South Ossetia elects president in first poll since war

People in the Republic of South Ossetia in the North Caucasus are going to the polls to elect a new president. The new leader will not have an easy job as the republic is still recovering from its devastating war with Georgia three years ago.

­The republic has opened 84 polling stations, with two more operating outside South Ossetia in its embassies in Moscow and Sukhum. About 1,200 police officers have been drafted in to ensure law and order at the polling stations and surrounding areas.

The number of voters registered in the republic is 32,700, according to Bella Plieva,  who chairs the South Ossetian Central Electoral Commission, as cited by Itar-Tass. Overseas voters bring the total to some 50,000.

This is the first election for a decade not to feature the current leader of South Ossetia, Eduard Kokoyti. The incumbent president is not eligible to stand in the polls as he has already served two consecutive terms.

Observers say the outcome of the upcoming vote is among the most unpredictable for years, because of the sheer number of candidates eager to get their hands on the levers of power.

Seventeen candidates were initially set to battle it out for the top job, but just a couple of days ago that figure dropped to 11 when some hopefuls decided to join forces, feeling they had a better chance fighting together, than fighting each other.

Word on the streets of South Ossetia puts the current Emergencies Minister, Anatoliy Bibilov, as favorite.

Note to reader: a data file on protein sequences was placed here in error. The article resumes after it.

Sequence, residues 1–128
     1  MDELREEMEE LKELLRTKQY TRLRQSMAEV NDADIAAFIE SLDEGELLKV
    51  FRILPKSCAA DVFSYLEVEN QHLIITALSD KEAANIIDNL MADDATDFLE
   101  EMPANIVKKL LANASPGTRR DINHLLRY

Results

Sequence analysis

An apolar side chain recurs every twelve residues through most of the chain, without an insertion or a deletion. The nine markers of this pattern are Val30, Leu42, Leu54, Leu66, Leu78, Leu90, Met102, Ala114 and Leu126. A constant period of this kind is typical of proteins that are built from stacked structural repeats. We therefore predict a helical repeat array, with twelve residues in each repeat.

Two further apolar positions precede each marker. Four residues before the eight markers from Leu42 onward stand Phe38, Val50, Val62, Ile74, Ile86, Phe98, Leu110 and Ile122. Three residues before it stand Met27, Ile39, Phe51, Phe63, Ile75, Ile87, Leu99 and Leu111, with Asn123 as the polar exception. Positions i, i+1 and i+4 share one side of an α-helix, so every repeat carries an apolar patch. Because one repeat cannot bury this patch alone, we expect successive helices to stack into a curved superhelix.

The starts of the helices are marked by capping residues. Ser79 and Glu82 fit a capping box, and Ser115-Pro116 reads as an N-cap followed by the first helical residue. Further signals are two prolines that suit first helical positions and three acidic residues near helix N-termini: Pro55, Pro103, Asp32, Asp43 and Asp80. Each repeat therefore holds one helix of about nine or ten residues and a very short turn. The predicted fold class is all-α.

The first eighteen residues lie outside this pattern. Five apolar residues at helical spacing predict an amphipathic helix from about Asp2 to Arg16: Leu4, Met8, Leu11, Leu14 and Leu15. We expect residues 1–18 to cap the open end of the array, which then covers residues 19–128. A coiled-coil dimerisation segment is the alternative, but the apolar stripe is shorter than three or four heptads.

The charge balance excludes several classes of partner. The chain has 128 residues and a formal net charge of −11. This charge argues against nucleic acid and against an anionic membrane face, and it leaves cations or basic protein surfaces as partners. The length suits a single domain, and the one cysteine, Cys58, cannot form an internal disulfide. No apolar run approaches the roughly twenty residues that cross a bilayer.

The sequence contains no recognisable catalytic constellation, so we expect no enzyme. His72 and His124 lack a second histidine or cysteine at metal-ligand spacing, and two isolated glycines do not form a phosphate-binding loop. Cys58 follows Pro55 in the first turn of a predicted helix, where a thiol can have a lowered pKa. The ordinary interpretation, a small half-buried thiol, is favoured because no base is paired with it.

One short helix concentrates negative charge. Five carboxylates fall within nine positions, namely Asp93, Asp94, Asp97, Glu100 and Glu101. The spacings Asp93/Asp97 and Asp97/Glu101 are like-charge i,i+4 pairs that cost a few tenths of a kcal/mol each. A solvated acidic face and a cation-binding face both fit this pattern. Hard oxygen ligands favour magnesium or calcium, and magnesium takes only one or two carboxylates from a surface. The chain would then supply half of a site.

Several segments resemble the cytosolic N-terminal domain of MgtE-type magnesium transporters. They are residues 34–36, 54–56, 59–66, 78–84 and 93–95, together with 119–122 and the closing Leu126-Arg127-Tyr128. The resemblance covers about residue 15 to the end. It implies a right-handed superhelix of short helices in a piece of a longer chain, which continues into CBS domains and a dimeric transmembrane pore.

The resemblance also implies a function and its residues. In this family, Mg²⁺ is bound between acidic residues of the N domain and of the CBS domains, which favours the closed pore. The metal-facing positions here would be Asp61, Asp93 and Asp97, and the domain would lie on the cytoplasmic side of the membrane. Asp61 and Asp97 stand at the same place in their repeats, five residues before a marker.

“We need to start from the development of our region, the development of infrastructure, economy, tourism,” Bibilov says.

Indeed, the number one challenge is to finish rebuilding the devastated region following the 2008 war with Georgia. The capital of South Ossetia, Tshinval, still looks like more of a construction site than a home to around 30,000 people.

But other candidates feel that solid foundations are needed for some far more fundamental things than houses.

“Our main problems are not damaged buildings and roads, but mostly the lack of unity among the people of our republic,” says presidential hopeful Alla Dzioeva. “We don’t feel like we are one nation.”

But as always, the resilient people of this war-torn republic are putting their hopes in the future.

“I would like the future president to finish what the former one started – to finish the reconstruction,” says one woman.

“South Ossetia needs economic development, that’s the first thing that should be done,” agrees a local man.

With so many candidates standing, the need for a second-round run-off is the only thing that looks certain about this election.

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